Pour on the coal: Trump to reverse Obama on cleaner air | Arkansas Blog

Pour on the coal: Trump to reverse Obama on cleaner air

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Donald Trump is expected to sign an executive order reversing the federal government's course on attempting to reduce pollution from power plants. Jobs will be more important than cleaner air, in short.

Like a lot of things that Trump has set out to do, a change of course in the Environmental Protection Agency is easier said than done, as Vox explains here at some length.

The Arkansas business establishment and Republican politicians will cheer the news, of course. They like status quo: Burn coal, fill air with CO2. Stimulating alternative, cleaner sources of power is a jobs stimulus of a high order and, in the long run, not even more expensive.  But never mind that. We like doing things the way we've always done them.

UPDATE: From the Sierra Club:

The Environmental Protection Agency (EPA) has estimated that, by 2030, the Clean Power Plan would prevent 150,000 asthma attacks and up to 6,600 premature deaths annually, providing between $55 billion to $93 billion of benefits per year.

EPA also projects that in 2030 when the plan is fully implemented, electricity bills would be roughly 8 percent lower than they would been without the actions in state plans. That would save Americans about $8 on an average monthly residential electricity bill.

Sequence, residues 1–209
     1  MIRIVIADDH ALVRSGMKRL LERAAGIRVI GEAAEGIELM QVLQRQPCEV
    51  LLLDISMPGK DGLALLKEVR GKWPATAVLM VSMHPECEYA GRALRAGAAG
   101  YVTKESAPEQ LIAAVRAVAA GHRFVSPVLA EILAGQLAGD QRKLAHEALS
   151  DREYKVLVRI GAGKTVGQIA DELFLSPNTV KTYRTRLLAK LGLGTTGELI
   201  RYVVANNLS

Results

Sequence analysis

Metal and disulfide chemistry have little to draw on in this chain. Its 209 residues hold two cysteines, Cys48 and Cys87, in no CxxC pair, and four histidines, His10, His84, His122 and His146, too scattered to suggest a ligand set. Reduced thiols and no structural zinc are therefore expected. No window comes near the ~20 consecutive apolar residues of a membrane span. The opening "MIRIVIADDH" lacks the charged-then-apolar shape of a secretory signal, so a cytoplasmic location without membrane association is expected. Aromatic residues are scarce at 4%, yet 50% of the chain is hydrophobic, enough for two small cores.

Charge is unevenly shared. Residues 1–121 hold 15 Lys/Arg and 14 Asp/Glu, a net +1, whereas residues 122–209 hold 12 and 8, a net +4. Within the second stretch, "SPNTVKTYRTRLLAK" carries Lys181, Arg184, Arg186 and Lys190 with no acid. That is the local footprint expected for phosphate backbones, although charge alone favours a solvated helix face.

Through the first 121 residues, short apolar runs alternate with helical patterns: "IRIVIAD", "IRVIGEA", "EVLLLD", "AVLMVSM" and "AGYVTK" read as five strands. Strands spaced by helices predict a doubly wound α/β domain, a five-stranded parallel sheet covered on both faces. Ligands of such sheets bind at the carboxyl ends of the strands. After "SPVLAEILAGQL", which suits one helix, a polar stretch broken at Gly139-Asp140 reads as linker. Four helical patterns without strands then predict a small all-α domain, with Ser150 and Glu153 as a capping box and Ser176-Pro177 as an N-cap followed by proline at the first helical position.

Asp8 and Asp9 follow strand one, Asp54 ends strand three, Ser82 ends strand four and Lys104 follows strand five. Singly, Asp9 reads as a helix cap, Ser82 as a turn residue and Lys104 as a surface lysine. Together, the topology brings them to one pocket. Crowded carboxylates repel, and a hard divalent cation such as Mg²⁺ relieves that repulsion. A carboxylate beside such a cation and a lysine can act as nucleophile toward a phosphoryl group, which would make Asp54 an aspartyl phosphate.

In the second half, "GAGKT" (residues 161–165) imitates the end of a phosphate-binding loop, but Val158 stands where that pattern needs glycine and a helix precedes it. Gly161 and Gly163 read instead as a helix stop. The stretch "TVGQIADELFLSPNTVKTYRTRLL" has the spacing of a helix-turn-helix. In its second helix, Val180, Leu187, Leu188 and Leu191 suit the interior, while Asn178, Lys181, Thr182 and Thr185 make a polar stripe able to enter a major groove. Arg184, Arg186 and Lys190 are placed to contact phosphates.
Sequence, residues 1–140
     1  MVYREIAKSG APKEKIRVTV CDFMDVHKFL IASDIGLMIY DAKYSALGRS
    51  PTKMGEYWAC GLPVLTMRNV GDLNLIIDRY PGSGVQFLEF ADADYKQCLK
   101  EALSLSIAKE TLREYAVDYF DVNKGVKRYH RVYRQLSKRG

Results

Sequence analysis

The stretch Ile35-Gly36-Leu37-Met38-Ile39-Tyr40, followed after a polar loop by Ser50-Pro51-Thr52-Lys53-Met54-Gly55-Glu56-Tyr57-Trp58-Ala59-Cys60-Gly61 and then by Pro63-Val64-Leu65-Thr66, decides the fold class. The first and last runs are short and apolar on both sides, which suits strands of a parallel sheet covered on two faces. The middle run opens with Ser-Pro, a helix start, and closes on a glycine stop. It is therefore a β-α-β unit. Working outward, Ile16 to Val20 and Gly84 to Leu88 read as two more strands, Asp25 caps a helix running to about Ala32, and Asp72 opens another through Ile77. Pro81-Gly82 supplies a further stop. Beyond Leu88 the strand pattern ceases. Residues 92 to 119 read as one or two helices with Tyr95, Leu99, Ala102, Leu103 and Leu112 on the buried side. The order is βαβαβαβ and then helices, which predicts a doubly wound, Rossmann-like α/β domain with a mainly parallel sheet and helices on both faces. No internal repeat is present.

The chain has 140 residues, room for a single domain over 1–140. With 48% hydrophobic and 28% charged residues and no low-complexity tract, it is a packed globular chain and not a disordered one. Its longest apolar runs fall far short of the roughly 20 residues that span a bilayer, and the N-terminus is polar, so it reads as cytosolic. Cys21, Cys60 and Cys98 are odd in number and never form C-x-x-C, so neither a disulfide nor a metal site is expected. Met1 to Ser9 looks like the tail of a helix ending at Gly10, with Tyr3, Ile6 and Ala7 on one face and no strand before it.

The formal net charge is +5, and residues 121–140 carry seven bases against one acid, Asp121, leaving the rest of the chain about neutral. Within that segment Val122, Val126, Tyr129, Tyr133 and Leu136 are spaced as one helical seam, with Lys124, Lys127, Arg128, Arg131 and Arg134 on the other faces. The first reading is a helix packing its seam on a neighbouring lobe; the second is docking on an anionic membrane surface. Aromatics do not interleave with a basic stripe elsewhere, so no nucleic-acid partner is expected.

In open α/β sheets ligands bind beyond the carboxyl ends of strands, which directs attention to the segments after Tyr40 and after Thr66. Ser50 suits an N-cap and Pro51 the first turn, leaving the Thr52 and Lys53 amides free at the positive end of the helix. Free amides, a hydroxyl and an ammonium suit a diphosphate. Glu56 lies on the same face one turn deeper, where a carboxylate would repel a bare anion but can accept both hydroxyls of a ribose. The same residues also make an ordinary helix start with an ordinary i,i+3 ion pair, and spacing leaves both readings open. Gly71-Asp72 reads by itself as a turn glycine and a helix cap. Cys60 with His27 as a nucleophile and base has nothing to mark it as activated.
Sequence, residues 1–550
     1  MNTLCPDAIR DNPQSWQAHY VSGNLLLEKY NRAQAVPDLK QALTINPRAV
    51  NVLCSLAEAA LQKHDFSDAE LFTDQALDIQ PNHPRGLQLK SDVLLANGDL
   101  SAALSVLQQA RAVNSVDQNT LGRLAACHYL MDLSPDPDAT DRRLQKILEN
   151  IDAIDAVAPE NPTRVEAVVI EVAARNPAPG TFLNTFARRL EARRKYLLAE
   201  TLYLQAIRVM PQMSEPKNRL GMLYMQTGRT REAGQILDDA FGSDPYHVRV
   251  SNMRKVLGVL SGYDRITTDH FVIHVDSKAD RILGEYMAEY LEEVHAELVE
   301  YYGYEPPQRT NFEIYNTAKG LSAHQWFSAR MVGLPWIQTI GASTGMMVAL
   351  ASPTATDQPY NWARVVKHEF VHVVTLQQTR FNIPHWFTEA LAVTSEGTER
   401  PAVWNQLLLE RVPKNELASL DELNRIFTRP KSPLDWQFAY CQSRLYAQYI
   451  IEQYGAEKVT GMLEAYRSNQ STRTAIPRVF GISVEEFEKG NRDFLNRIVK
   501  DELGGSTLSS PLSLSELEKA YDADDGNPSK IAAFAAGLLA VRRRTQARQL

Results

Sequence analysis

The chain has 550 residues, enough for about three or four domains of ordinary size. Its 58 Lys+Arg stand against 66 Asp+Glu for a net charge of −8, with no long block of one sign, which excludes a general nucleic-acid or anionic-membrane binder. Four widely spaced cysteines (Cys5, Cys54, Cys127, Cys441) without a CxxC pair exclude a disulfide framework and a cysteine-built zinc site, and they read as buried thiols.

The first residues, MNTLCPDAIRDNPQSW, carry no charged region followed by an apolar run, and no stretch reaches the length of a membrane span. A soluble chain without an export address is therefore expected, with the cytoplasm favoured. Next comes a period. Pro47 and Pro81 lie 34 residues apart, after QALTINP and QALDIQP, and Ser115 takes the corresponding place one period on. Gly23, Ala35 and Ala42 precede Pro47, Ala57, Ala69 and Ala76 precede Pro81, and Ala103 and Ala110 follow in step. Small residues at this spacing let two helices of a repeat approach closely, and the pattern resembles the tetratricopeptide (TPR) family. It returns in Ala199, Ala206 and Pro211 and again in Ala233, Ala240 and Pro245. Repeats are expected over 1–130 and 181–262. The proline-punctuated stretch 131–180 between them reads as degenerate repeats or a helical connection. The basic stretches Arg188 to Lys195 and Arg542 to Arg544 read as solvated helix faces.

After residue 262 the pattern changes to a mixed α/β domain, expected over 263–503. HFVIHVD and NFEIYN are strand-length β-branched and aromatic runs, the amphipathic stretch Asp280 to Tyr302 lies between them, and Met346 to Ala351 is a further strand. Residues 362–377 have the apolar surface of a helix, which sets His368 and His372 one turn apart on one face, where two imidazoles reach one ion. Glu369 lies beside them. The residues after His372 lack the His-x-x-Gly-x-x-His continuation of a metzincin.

In response to today’s news, Glen Hooks, Director of the Sierra Club’s Arkansas Chapter, released the following statement:

“Trump and EPA Administrator Scott Pruitt are doing what they do best - enriching their friends in oil and gas while rolling back protections on clean air and water for the rest of us. The roll back of the Clean Power Plan and other clean air and clean water protections will cost us our lives and our health, as well as money and savings for Arkansans who are sick of propping up Entergy’s aging and dirty coal plants with their hard-earned money.

“No matter Trump or Pruitt’s shortsighted actions, coal is on the decline in Arkansas. The economics do not favor these aging plants. We’ll keep moving ahead on a community level to organize and build a thriving clean energy economy in Arkansas and a responsible path forward with new, family-sustaining opportunities for communities historically dependent on coal.”


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